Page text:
The New Alliance: Israel,Turkey, India and the U.S.
Unusual times breed unusual allies — try looking off the beaten track.
January 17, 2002
No treaties have been signed, and few specific details of the military intelligence agreements have been made public. But in diplomatic circles, where attention is paid to such developments, the conviction is growing that the world is witnessing the emergence of a new Triple Alliance in Eurasia — mirroring the one formed by Germany, Austria-Hungary and Italy in 1882.
The three countries in the new alliance — Israel, India and Turkey — share a great deal in common. They are a trio of regional superpowers, and their highly-regarded armed forces operate successfully in dangerous neighborhoods.
All three nations have large Islamic populations that aren’t going away. And all three countries worry increasingly about the growth of Islamic fundamentalism.
Furthermore, all three nations embrace modernization and secular societies. This trio is also hugely dependent on energy imports — although together they lie proximate to the great energy basins of the Persian Gulf and the Caspian.
Beyond these common interests, Israel and the Turkish military (as opposed to the Turkish state) have been cooperating closely, at least for the past five years. For example, the Israeli Air Force uses Turkey’s far larger airspace for training. The two nation’s pilots — like their two navies — exercise together.
But the events of September 11 and the war in Afghanistan have taken the strategic closeness of Turkey and Israel to an entirely new level — by bringing India into the equation.
The week’s visit of Israel’s foreign minister Shimon Peres to India in January 2002 was not only the third such meeting in less than a year. It was also the most visible sign of the new relationships.
The two countries now have an intelligence-sharing agreement that includes Israeli access to the results from India’s own new reconnaissance satellite.
They also have some enemies in common, as Israel’s Shimon Peres pointed out in his trip to India. He warned his Indian counterpart Jaswan Singh of the dangers emanating from Iran, which Peres called “the center of world terrorism,” and bent on becoming a nuclear power.
“If India seeks our help to fight terrorism, we will gladly do it. If in any small way Israel can help, our cooperation is there,” Peres said, adding that he saw India as “Israel’s best friend in the region, an open society — and a democracy.”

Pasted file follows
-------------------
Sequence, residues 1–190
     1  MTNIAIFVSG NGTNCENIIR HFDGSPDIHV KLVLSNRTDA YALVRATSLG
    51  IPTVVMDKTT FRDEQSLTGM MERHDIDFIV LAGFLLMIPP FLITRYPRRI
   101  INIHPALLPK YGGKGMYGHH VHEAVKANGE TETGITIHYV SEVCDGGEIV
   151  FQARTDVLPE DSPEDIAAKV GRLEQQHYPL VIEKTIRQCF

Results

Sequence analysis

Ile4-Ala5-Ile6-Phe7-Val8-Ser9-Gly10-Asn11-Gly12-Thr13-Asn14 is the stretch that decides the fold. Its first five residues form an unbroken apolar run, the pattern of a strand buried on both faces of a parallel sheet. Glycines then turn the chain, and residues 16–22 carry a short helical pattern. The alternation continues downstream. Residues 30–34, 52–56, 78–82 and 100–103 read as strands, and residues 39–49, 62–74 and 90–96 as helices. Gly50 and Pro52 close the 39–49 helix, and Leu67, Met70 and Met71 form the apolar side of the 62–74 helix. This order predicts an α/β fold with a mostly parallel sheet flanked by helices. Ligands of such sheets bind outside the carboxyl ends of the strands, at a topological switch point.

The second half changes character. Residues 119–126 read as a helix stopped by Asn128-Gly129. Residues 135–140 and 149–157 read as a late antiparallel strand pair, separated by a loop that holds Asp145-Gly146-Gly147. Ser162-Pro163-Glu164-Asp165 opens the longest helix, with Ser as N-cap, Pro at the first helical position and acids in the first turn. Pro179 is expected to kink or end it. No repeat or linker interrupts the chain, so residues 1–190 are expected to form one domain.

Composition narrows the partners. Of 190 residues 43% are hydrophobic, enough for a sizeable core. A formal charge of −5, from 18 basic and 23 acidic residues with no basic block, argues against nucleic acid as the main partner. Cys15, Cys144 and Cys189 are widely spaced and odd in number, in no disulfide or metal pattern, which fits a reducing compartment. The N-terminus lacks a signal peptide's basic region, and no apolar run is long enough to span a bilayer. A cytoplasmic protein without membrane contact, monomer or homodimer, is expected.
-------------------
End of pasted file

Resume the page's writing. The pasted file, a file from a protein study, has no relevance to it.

Israel, India and Turkey are all regional superpowers with large Islamic populations — and all three are worried by the growth of Islamic fundamentalism.
The emerging Triple Alliance carries far more than merely regional importance. It links together three pro-Western and powerful states in the unstable Middle East and Central Asia.
All of this is especially intriguing from a U.S. perspective. The United States can already count on Turkey as a member of NATO. And it has Israel as a close ally whose security depends heavily on American support.
But the real “kicker” in the new Triple Alliance is that it potentially extends America’s influence and reach because it includes India. Of course, what truly helps matters in this regard is that the current Indian government is determined to reform the country’s economy along free market lines — and to become much closer to the United States.
Obviously, the fact that the geographic and strategic triangle formed by Israel, Turkey and India enfolds the bulk of the world’s energy resources is all the more enticing.
But for that “great price,” there is a steep tribute to be paid by the United States. The very same region, after all, also contains most of the world’s biggest security headaches.
Senior Director of the Global Business Policy Council Martin Walker is the Senior Director of the Global Business Policy Council, a private think-tank for CEOs founded by the A T Kearney business consultancy. He is also a syndicated columnist and Editor-in-Chief Emeritus of United Press International. Previously, in his 25 years as a journalist with […]